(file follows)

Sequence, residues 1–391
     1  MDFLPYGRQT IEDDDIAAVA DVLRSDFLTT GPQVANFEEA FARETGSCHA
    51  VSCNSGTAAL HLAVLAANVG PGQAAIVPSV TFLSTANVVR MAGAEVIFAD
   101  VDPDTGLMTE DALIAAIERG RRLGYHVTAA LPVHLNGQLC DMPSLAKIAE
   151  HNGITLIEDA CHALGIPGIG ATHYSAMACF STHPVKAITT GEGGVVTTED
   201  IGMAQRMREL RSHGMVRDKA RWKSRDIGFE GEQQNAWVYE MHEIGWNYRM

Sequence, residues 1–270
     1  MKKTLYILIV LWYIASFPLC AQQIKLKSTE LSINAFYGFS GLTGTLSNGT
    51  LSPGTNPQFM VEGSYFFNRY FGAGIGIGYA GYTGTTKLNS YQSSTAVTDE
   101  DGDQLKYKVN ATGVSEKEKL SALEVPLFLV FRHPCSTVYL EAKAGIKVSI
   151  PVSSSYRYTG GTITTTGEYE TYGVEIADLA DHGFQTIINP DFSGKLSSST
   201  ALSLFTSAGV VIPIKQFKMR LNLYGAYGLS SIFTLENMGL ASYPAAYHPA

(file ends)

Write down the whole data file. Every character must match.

Sequence, residues 1–391
     1  MDFLPYGRQT IEDDDIAAVA DVLRSDFLTT GPQVANFEEA FARETGSCHA
    51  VSCNSGTAAL HLAVLAANVG PGQAAIVPSV TFLSTANVVR MAGAEVIFAD
   101  VDPDTGLMTE DALIAAIERG RRLGYHVTAA LPVHLNGQLC DMPSLAKIAE
   151  HNGITLIEDA CHALGIPGIG ATHYSAMACF STHPVKAITT GEGGVVTTED
   201  IGMAQRMREL RSHGMVRDKA RWKSRDIGFE GEQQNAWVYE MHEIGWNYRM

Sequence, residues 1–270
     1  MKKTLYILIV LWYIASFPLC AQQIKLKSTE LSINAFYGFS GLTGTLSNGT
    51  LSPGTNPQFM VEGSYFFNRY FGAGIGIGYA GYTGTTKLNS YQSSTAVTDE
   101  DGDQLKYKVN ATGVSEKEKL SALEVPLFLV FRHPCSTVYL EAKAGIKVSI
   151  PVSSSYRYTG GTITTTGEYE TYGVEIADLA DHGFQTIINP DFSGKLSSST
   201  ALSLFTSAGV VIPIKQFKMR LNLYGAYGLS SIFTLENMGL ASYPAAYHPA